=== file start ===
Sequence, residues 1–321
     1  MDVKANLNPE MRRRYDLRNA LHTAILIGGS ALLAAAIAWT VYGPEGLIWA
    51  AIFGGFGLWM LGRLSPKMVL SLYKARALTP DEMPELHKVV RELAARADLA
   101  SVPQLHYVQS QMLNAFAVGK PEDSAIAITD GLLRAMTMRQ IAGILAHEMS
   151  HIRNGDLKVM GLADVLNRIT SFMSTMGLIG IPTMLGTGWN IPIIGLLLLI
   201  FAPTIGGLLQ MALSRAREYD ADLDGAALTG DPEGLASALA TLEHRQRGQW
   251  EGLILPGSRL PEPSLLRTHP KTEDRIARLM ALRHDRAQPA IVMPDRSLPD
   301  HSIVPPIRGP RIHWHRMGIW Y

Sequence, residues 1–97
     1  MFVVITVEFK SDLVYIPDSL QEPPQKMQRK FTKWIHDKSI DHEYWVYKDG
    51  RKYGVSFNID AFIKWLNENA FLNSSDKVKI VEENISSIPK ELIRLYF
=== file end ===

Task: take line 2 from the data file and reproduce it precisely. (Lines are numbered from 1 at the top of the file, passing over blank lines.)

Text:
     1  MDVKANLNPE MRRRYDLRNA LHTAILIGGS ALLAAAIAWT VYGPEGLIWA